Whatever its details, an outer loss is best understood as a surrogate for some inner relinquishment that must be made, but one that is difficult to describe. What it is time to let go of is not so much the relationship or the job itself, but rather the hopes, fears, dreams and beliefs that we have attached to them. If you let go only of the job or the relationship, you’ll just find another one and attach the same .hopes, fears, dreams and beliefs to it. And, on the other hand, you may find that you can let go of those inner attitudes without actually terminating the outer situation.
Since a loss is best seen as the cue that it is time to let go of the inner thing, one of the first things a person in transition needs to ask is: “What is it time for me to let go of?” The danger is that the person will fail to grasp the inner message and conclude that the outer change is the whole story. I myself had done that by believing that “moving to the country” and “finding a new career” were ends in themselves. Fortunately, my struggle took me long enough so that I had time to discover that what I had to let go of had far less to do with vocational activity and geography than with the programming that had carried me through the first forty years of my life.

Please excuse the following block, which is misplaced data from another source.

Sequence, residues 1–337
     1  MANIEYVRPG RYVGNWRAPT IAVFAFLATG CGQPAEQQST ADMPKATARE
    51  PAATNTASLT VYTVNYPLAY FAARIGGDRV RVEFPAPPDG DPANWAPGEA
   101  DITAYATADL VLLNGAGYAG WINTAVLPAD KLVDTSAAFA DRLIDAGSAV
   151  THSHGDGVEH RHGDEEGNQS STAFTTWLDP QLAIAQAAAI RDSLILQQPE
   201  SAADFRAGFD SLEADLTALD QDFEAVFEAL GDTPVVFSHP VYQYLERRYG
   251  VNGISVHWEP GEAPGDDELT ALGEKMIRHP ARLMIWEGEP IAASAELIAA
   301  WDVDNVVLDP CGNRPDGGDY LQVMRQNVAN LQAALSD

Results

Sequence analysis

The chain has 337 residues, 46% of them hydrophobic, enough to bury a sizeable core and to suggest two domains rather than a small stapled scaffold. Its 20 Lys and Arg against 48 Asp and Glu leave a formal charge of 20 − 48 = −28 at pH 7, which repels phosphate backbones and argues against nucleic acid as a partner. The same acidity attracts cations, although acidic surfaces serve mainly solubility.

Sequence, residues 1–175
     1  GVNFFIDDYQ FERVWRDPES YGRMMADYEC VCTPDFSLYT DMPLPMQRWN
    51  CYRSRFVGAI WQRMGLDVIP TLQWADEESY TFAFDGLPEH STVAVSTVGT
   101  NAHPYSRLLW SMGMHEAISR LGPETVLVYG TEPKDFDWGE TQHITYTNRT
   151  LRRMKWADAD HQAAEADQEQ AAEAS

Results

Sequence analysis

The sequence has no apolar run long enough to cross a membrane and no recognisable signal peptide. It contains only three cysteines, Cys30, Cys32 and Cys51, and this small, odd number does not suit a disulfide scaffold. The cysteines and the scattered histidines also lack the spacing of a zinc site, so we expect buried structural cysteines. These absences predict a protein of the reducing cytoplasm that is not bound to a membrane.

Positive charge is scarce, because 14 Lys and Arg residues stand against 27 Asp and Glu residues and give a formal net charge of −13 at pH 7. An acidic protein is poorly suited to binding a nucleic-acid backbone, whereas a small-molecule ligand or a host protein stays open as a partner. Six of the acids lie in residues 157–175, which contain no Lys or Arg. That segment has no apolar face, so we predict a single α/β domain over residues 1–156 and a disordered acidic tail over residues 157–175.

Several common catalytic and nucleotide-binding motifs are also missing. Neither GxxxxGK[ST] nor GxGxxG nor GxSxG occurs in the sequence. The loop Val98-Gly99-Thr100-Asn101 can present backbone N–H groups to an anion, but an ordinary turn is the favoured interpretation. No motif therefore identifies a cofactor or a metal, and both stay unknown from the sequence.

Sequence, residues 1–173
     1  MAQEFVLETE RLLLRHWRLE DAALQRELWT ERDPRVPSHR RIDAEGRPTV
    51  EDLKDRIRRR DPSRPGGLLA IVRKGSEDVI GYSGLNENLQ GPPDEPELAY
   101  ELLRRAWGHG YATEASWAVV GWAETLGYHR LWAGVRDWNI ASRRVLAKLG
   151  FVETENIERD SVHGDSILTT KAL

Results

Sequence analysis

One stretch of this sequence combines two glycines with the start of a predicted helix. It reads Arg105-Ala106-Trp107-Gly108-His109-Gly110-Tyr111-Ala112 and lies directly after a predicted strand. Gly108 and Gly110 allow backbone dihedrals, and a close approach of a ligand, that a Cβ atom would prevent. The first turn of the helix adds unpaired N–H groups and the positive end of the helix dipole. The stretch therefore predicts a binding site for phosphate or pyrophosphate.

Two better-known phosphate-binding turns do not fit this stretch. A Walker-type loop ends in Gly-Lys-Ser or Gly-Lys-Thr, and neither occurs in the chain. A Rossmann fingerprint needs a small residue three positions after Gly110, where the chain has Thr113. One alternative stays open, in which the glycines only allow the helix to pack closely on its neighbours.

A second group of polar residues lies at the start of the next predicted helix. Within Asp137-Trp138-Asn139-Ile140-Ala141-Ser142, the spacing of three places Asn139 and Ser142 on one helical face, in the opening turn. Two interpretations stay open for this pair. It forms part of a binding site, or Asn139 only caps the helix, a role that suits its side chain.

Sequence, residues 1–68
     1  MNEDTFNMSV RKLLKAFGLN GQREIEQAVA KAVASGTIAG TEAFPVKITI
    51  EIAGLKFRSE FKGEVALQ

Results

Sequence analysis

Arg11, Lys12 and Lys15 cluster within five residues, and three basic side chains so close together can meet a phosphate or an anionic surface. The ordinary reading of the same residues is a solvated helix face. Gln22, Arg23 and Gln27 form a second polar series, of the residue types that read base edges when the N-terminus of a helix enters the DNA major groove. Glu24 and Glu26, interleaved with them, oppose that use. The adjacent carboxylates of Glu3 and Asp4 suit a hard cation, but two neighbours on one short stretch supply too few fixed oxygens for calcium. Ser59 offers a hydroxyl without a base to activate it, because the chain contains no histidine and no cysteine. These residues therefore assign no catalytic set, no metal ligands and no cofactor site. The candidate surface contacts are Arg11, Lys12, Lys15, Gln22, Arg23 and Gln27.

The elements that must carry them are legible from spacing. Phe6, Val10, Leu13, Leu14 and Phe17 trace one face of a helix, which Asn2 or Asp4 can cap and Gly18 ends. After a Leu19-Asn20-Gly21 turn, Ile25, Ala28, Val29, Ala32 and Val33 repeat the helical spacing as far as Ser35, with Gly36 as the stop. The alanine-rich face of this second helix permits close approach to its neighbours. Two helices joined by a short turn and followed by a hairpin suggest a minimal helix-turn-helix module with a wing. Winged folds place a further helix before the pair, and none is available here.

The Way Of Transition: Embracing Life’s Most Difficult Moments